Low in saturated fat and high in isoflavones, soy may protect against high blood pressure
For the first half of the last decade, health experts promoted a diet with soy to protect against heart disease. Research at the time suggested 25 grams of soy protein each day could lower LDL (bad) cholesterol by as much as 8 percent.
Then, six years ago, an analysis of 22 studies concluded that 50 grams of daily soy reduced LDL cholesterol by only about 3 percent and had no effect on HDL (good) cholesterol or triglycerides.
Though the initial benefits of soy as it relates to protection against heart disease were overestimated, it is still low in saturated fat, making it an excellent substitute for meat and cheese. And a more recent study links isoflavones in soy to lower blood pressure. It is the first trial to suggest replacing refined carbohydrates with soy could treat people with pre-hypertension and stage-1 high blood pressure.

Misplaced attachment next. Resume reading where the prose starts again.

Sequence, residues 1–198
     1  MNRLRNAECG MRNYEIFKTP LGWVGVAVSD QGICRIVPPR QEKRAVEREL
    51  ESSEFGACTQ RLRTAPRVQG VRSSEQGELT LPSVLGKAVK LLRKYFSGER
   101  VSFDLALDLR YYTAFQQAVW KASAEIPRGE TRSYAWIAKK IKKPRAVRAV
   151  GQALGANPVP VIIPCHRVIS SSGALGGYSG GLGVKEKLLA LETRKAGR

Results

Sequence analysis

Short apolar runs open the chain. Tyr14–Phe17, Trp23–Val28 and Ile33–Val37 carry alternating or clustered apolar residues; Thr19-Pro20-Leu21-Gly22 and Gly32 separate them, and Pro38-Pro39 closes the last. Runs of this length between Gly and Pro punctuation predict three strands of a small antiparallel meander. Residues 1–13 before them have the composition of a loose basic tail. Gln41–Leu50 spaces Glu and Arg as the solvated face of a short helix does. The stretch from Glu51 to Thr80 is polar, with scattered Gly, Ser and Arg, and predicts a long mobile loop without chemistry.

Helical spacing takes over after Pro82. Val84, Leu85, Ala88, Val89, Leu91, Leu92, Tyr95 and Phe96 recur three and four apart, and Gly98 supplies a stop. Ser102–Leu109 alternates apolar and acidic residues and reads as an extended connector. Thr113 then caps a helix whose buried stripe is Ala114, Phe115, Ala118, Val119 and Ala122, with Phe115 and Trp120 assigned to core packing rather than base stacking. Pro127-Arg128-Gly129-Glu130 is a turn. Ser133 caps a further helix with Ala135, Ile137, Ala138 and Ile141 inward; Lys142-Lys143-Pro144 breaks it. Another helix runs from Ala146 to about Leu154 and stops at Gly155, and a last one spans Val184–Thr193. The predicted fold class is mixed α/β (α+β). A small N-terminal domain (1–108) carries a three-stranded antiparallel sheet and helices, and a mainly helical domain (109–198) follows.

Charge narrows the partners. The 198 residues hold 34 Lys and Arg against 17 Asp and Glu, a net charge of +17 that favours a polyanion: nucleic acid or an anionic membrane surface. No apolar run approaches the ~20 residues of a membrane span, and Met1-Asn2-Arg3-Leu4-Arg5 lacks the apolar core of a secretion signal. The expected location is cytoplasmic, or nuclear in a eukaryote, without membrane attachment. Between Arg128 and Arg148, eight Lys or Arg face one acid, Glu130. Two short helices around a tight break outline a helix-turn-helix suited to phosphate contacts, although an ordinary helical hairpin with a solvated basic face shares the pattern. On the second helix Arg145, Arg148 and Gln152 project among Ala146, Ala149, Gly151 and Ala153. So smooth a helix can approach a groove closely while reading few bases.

Roughly 75 million Americans have high blood pressure, a “silent killer” that can cause heart attacks, heart failure and stroke. And African Americans have the highest hypertension rates in the world. An easy way to add isoflavones to your diet: Drink an 8-ounce glass of soy milk